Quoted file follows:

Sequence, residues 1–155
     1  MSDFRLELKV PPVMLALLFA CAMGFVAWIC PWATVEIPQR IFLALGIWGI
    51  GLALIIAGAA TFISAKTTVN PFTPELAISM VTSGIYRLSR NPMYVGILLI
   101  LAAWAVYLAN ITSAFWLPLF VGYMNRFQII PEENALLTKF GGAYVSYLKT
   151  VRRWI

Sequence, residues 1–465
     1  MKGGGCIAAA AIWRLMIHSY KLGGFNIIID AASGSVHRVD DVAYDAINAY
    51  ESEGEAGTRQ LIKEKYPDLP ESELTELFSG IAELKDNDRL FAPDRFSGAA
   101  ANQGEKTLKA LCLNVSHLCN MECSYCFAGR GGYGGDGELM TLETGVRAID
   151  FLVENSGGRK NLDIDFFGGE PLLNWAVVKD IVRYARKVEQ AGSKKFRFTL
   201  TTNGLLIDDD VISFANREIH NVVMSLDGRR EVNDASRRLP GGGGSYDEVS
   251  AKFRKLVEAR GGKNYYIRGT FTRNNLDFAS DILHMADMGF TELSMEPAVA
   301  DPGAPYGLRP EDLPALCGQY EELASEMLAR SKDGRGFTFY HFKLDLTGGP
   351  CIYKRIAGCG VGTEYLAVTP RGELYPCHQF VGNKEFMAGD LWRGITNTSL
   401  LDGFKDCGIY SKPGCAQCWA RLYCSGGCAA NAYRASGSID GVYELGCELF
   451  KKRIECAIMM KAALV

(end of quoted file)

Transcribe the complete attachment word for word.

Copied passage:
Sequence, residues 1–155
     1  MSDFRLELKV PPVMLALLFA CAMGFVAWIC PWATVEIPQR IFLALGIWGI
    51  GLALIIAGAA TFISAKTTVN PFTPELAISM VTSGIYRLSR NPMYVGILLI
   101  LAAWAVYLAN ITSAFWLPLF VGYMNRFQII PEENALLTKF GGAYVSYLKT
   151  VRRWI

Sequence, residues 1–465
     1  MKGGGCIAAA AIWRLMIHSY KLGGFNIIID AASGSVHRVD DVAYDAINAY
    51  ESEGEAGTRQ LIKEKYPDLP ESELTELFSG IAELKDNDRL FAPDRFSGAA
   101  ANQGEKTLKA LCLNVSHLCN MECSYCFAGR GGYGGDGELM TLETGVRAID
   151  FLVENSGGRK NLDIDFFGGE PLLNWAVVKD IVRYARKVEQ AGSKKFRFTL
   201  TTNGLLIDDD VISFANREIH NVVMSLDGRR EVNDASRRLP GGGGSYDEVS
   251  AKFRKLVEAR GGKNYYIRGT FTRNNLDFAS DILHMADMGF TELSMEPAVA
   301  DPGAPYGLRP EDLPALCGQY EELASEMLAR SKDGRGFTFY HFKLDLTGGP
   351  CIYKRIAGCG VGTEYLAVTP RGELYPCHQF VGNKEFMAGD LWRGITNTSL
   401  LDGFKDCGIY SKPGCAQCWA RLYCSGGCAA NAYRASGSID GVYELGCELF
   451  KKRIECAIMM KAALV